CEPT Workshop on Spectrum for Drones / UAS


Unmanned Aircraft Systems (UAS) technology has gone through massive development in recent years, and the market for civil UAS shows exponential growth, similar to all other significant new technologies. There are a number of challenges in fully realising the potential for growth that UAS bring with them. One of these challenges is meeting the spectrum requirements for UAS. Frequencies are used for command and control and identification as well as for payload transmissions (e.g. on-board cameras sending information to the ground).

The focus of the workshop is on UAS that fly in circumstances where they do not need communications with air traffic control (ATC).

Communication solutions for drones-to-drones, drones-to-infrastructure, communication transmitters distributing positioning information in order to avoid collisions, geo-fencing, e-identification, drones traffic management are aspects for which presentations will explain possible solutions and the relation to spectrum use.

See also ECC Report 268 (approved in February 2018) for background information. There is also an explanatory document on non-professional UAS use under general authorisations.

The aim of the workshop has been to understand better the spectrum needs of existing and future Drones/ UAS applications. The outcome of the workshop will be further considered within the relevant CEPT/ECC groups.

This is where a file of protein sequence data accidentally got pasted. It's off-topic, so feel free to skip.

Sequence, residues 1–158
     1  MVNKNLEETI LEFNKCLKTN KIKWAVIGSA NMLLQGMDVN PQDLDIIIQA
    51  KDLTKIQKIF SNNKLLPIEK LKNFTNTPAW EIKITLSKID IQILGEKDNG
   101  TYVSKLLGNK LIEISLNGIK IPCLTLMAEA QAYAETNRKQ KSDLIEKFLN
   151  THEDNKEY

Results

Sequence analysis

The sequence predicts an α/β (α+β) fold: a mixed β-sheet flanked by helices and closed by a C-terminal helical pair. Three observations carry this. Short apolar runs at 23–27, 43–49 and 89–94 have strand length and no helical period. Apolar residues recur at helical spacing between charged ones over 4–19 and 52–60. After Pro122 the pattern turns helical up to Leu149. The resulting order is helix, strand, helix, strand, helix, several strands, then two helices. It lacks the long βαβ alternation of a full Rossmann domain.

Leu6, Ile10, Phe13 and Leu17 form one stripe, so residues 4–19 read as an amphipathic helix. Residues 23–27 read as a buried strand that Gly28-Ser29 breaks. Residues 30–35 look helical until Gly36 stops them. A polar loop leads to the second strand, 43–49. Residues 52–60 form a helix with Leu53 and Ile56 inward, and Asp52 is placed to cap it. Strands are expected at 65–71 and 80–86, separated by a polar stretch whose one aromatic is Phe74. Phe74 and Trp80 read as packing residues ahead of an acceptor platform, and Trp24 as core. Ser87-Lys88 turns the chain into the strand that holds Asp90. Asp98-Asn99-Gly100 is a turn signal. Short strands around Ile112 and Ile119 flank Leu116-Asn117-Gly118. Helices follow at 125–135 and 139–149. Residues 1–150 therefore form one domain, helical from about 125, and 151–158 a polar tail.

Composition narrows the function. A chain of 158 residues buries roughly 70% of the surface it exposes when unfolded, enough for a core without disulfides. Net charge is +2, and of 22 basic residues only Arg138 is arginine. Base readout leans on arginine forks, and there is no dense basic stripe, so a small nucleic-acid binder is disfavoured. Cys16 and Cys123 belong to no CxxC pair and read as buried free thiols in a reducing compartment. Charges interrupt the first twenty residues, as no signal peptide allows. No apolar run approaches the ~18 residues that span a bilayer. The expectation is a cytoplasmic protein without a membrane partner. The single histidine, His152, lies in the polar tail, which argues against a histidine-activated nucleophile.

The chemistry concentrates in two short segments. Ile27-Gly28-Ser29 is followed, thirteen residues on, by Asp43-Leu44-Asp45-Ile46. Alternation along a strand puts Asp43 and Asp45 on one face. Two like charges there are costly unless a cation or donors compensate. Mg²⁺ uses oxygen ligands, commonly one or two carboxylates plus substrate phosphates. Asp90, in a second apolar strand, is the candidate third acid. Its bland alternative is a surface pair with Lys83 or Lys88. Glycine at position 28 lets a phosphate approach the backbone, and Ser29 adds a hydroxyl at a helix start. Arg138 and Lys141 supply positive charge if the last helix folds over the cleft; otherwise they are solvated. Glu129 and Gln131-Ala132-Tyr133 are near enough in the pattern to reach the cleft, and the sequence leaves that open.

Some examples how Drones/UAS can use frequencies:

  • Non-professional UAS use is considered to make use of frequency opportunities under general authorisations (i.e. without any individual rights). The most common use is found in the 2400-2483.5 MHz (ERC/REC 70-03, Annexes 1 and 3) and 5725-5875 MHz bands (non-specific use according to ERC/REC 70-03 Annex 1) under the current regulatory conditions set out in ERC/REC 70-03. Other usage opportunities exist in the 433 MHz and 863-870 MHz ranges. These usage opportunities are based on harmonised frequency use without restrictions (RE Directive Class 1 equipment) and use is only bound to the technical and operational conditions provided in the ERC/REC 70-03 and the EC Decision for SRD (2006/771/EC as amended). There are also other frequency opportunities under general authorisation scheme such as for non-specific SRD or specific ones, e.g. ERC/REC 70-03 Annex 8 for model control in the 27 MHz, 35 MHz and 40 MHz frequency ranges.
  • However, using unlicensed bands shared by various types of applications would not be appropriate for some professional UAS due to risk of interference, and may not meet the expectations of professional UAS service providers (unsecure investments, emission limits do not support the intended operating range). Harmonisation of the spectrum use would foster a common market for UAS products and may be helpful for some professional UAS usage scenarios to avoid cross-border issues.
  • Another possibility for professional UAS applications is to use existing mobile MFCN networks to provide connectivity to UAS by usual (unmodified) mobile networks with LTE technology provided that the command and control link(s), where appropriate, meet the relevant aviation safety requirements prevalent in the country of concern. This can be realised either by an external LTE device attached to UAS or in future by implementing SIM-cards installed within UAS.

Workshop Programme:


The workshop programme is available here


The biographies of the speakers are available here.


The presentations, photos and summary of the workshop are available here.